Keeping the House

Staying in the family home may not be a priority for many younger spouses who end their marriage, but older homeowners may have potential benefits in being awarded their house. The following are some benefits of homeownership in retirement years:

  • As you age, you may become eligible for tax waivers and exemptions for your real estate;
  • Owning a home can provide benefits when applying for Medicaid or other public benefits;
  • You may need the tax benefits of deducting mortgage interest to offset higher tax liability in retirement;
  • Homeowners age 62 or older become eligible for a reverse mortgage, which can help with financial support;
  • Even if you choose not to live in the home, it may provide rental income or significant equity if you have owned the home for a long time.

Continue reading →

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With the recent breach and data leak regarding approximately 32 million subscribers to the “married dating” website Ashley Madison, many married couples have likely been facing difficult situations as news of possible infidelity became exposed. It would not be surprising, in fact, if numerous couples end up in divorce court over a leaked Ashley Madison subscription. This leads to the common question: What role, if any, does a spouse’s adulterous behavior play in a subsequent divorce case?

Questions of Fault

In Florida, you must file for divorce on a “no-fault” basis, which means that no specific reason–such as adultery–can be given for the divorce. Insteading of blaming one spouse, all divorces are based on the assertion that the marriage is irretrievably broken. For this reason, adultery has no effect specifically on basic questions of fault in a divorce.

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Celebrity divorces can be difficult, not only because of extensive media coverage but also because one or both of the spouses may have a significant amount of wealth. In one recent divorce, a wife is attempting to obtain a large portion of her husband’s $85 million fortune as well as a large amount of additional ongoing support.

The wife of songwriter, singer, and successful music producer Timbaland filed for divorce at the end of June. She previously filed in 2013 though that case was dismissed as they attempted to reconcile. Apparently that attempt at reconciliation was not successful, as now she has not only filed again but requested many different types of financial support, including the following:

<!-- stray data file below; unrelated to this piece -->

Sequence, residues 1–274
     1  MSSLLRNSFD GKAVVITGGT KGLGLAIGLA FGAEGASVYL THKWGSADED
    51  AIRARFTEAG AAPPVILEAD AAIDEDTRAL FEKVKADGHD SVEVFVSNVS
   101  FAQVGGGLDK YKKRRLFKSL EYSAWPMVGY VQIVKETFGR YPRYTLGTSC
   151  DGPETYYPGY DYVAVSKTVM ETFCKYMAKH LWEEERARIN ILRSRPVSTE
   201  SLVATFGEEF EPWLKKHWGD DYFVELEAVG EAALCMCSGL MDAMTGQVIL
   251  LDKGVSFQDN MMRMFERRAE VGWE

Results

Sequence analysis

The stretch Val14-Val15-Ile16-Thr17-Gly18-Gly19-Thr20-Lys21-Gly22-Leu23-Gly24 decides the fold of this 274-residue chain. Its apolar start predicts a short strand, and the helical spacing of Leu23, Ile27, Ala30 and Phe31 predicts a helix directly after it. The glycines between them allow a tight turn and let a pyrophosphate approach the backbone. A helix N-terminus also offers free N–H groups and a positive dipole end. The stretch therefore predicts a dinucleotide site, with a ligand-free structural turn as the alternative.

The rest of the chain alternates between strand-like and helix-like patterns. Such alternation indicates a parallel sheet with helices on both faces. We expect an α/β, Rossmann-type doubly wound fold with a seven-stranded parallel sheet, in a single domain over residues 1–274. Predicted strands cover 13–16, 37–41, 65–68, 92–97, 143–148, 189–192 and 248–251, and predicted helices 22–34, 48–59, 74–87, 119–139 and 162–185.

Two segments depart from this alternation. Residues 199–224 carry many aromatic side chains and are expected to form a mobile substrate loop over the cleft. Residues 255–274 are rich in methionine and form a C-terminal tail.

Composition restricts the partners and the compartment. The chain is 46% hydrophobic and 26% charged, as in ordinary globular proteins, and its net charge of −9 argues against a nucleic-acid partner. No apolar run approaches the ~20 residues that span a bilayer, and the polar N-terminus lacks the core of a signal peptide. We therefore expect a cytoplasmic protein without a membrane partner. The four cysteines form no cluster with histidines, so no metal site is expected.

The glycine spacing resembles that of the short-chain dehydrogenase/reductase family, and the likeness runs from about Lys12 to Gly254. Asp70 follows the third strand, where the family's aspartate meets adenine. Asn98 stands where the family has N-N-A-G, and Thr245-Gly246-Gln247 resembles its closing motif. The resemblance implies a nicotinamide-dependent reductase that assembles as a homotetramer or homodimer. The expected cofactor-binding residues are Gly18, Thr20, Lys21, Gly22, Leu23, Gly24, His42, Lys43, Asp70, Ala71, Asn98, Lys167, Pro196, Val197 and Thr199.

• Child support for both their biological daughter and her son from a prior relationship
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German media recently reported a story regarding an angry husband who decided to take the division of property into his own hands following a split with his wife of 12 years. The man posted a video on Youtube that showed him taking a chainsaw to many of his and his wife’s possessions and literally cutting them in half. The video shows the resulting half of a bicycle, a couch, a bed, a laptop, an iPhone, a teddy bear, and even their car. The husband claims he sent one set of halves to his wife and posted his own set on eBay.

While this husband’s video entertained millions of viewers and his actions garnered international attention, pulling such a stunt is not advisable in the face of divorce from a financial and legal standpoint. In fact, in a Florida divorce case, that husband would likely face financial consequences for destroying marital property in such a manner.

Property Division in Accordance with Florida Law

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Engagement and wedding rings are often an important symbol of a marriage. While these items often lose meaning after a married couple decides to file for divorce, they are often valuable pieces of property and each spouse may wonder who gets to keep the rings after the separation is finalized The answer to this question will depend on the particular circumstances surrounding your divorce, and an experienced attorney can better advise you after learning the specific details of your situation.

Are rings non-marital or marital property?

Rings are property just like a home, assets, furniture, or other valuables. Under most circumstances in Florida, each spouse is able to keep his or her own belongings brought into the marriage. Such belongings are referred to as non-marital or separate property. Florida divorce laws, however, require that all marital property be equitably divided between the two spouses. Equitable does not mean equal, and courts will take many different factors into consideration in deciding how to divide property.